Home Detox Program: The Solution To Opioid Addiction

Recovering From Opiate Addiction In Your Own Home

A home detox program is simply a program that allows you to quit drugs and recover from addiction at home. While long-term inpatient programs can be excellent, not everyone is able to go away for weeks or months at a time. In fact, for opioid addiction, home detox is actually superior to residential programs in many respects.

How does a home detox program work?

In order to recover at home, you first need to see a qualified doctor. To learn more about one excellent form of home treatment and how to find such a doctor, visit SAMHSA’s website here. Buprenorphine is the main ingredient in Suboxone. It is one of several approved medications used to treat opioid addiction. In terms of home detox therapy, it happens to be the best for many people. This is because you can take the medication home. After seeing your doctor for a while, You can often take home a month’s supply of medication and just visit your doctor once a month.

Why is a home detox program better than inpatient?

Unfortunately, there is a problem with many inpatient programs in the United States. The issue is that they often don’t provide proven medical treatment. Suboxone treatment works. Evidence shows that it has a much higher success rate than non-medication treatment for opioid addiction. Yet, many residential treatments do not agree. Withholding Medication Assisted Treatment (MAT) can lead to a much higher rate of relapse.

How it works.

If you are addicted to opioids, you first go to see your doctor. After a thorough medical visit, your doctor may prescribe Suboxone or a similar medication. The doctor will also send you to get psychotherapy. Therapy is an important part of treatment. For many patients, this simple treatment really works well. While getting treatment at home, you can continue with your life. You don’t always have to go away to get better.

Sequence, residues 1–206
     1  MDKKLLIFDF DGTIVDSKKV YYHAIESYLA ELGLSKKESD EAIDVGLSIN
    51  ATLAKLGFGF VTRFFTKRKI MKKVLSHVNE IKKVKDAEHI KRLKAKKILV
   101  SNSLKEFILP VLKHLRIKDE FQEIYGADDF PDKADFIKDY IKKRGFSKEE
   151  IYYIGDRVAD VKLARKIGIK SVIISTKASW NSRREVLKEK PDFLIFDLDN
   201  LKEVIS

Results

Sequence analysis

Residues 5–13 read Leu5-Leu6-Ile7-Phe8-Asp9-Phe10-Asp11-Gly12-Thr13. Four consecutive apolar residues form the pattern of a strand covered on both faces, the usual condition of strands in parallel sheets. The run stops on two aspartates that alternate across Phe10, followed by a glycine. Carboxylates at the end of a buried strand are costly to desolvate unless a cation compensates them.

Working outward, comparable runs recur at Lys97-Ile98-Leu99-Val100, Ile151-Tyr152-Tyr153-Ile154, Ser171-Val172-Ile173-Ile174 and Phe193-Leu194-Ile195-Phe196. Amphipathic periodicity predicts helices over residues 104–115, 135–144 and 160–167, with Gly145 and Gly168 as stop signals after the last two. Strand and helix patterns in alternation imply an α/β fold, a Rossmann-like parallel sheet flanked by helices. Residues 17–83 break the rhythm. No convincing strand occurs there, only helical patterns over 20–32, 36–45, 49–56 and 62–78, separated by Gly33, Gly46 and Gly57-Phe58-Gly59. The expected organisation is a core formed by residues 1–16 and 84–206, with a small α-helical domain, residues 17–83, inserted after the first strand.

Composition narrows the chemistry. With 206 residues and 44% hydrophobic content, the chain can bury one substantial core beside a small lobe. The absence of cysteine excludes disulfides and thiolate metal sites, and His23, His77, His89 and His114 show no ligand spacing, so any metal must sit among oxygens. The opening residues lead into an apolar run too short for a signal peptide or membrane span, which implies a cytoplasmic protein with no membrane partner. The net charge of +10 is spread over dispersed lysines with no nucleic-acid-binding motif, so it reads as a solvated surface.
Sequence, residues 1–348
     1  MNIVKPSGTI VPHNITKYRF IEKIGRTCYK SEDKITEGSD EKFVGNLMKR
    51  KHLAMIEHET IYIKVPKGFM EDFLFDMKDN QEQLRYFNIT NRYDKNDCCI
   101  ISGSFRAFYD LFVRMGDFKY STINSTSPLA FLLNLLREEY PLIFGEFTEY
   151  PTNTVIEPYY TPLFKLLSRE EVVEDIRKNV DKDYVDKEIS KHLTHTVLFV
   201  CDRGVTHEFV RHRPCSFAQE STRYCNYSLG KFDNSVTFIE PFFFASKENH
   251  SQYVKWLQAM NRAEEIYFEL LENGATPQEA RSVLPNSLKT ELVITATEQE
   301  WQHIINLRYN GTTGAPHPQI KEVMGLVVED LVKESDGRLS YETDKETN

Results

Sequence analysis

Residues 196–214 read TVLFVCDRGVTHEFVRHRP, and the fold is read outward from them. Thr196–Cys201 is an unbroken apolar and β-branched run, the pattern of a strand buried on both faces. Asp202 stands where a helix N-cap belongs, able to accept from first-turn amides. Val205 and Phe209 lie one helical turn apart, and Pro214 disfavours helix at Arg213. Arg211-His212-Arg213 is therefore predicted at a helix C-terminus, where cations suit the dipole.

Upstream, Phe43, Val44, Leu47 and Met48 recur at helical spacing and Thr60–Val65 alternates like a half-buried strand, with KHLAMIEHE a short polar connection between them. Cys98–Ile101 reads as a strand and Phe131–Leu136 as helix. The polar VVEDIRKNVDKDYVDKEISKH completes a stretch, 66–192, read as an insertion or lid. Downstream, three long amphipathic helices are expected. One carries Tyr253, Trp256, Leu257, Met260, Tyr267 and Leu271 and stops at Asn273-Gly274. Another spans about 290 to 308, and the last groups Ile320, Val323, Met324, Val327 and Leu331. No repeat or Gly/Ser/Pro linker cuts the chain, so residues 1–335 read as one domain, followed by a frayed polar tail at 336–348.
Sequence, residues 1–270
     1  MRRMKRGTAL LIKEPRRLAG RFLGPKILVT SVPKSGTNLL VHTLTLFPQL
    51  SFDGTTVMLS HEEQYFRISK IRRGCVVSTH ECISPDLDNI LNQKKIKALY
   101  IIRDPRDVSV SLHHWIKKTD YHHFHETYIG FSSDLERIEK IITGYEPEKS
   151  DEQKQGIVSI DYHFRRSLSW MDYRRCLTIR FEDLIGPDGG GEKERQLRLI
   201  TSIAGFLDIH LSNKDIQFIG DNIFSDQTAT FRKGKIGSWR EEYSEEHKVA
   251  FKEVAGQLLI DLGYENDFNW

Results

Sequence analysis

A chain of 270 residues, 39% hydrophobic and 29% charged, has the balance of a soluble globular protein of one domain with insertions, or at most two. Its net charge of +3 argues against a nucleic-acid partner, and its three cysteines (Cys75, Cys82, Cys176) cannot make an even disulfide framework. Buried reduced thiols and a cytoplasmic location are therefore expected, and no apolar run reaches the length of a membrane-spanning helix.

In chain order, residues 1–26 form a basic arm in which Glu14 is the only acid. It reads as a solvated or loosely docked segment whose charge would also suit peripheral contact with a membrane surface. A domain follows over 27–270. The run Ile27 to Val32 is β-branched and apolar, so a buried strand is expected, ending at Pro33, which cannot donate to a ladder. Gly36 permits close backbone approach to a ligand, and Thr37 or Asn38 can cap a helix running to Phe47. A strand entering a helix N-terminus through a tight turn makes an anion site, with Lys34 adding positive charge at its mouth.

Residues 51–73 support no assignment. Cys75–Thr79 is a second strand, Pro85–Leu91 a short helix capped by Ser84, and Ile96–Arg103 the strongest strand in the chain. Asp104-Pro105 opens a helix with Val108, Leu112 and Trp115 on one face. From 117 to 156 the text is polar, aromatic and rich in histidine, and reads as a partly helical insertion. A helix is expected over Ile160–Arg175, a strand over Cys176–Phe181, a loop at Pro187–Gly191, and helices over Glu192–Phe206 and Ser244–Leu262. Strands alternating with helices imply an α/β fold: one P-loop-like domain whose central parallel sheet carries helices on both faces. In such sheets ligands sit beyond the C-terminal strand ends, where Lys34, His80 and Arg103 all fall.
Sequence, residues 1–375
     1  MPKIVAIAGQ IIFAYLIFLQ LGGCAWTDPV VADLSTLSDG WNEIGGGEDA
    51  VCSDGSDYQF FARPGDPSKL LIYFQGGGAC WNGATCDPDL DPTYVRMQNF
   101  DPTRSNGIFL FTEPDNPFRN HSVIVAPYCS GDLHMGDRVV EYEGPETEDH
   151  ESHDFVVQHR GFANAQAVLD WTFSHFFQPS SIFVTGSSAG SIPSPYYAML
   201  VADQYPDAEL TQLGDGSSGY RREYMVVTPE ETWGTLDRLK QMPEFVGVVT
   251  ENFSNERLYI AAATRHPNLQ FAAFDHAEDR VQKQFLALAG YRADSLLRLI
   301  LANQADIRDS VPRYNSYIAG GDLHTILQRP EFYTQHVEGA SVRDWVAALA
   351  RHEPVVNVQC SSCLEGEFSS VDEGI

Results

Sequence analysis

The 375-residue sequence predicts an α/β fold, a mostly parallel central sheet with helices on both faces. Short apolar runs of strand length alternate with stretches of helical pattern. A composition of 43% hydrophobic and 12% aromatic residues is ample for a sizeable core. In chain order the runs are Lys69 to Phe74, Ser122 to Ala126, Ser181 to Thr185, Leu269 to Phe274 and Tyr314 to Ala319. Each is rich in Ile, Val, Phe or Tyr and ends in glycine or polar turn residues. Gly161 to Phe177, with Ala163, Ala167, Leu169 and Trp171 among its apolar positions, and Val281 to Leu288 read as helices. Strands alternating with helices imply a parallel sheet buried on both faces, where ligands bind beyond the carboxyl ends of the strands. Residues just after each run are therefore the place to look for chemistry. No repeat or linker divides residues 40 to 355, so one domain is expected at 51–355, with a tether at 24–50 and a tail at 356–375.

To learn more about Suboxone treatment, ask your doctor for more information. If you or a loved one is trying to quit drugs, this could be a solution that will work.

 

This Post Has 2 Comments

  1. My experience with the SAMHSA.gov site is that it is badly outdated. In my community it lists two buprenorphine providers who have been dead for almost 3 years. My advice – there are active providers on the list, but expect to be frustrated: bad phone numbers, doc’s no longer practicing at that location, doc’s approved to dispense buprenorphine but do not.

    I have talked to people at SAMSHA and the DEA (DEA actually maintains the database). The official line is that their goal is to update the database every three years. Unacceptable, horrible, frustrating.

    1. Thank you for this comment. There are also doctors listed who registered and then decided not to provide MAT. Here is a link to a directory that Needy Meds is working on: https://www.needymeds.org/substance-addiction. It lists addiction treatment programs, but it does not specify if they also provide MAT. Also, treatmentmatch is a pretty good resource since only active doctors will reply to patients. I would not mind hosting a directory of active MAT doctors. My basic criteria would be that they are not providing MAT in a pain clinic where opioids are prescribed for pain. And, I would only be interested in listing individual doctors (MDs and DOs) who are agreeable to being listed, not larger corporations that employ doctors. I already have an area set up for this on my podcast site for listings by state, but I do not know how I would build a comprehensive listing that would be current and useful. My original intent for that site was to list funded programs that provide complete MAT treatment for free. To date, I am only aware of four such programs, though I am certain that there must be many more of them out there.

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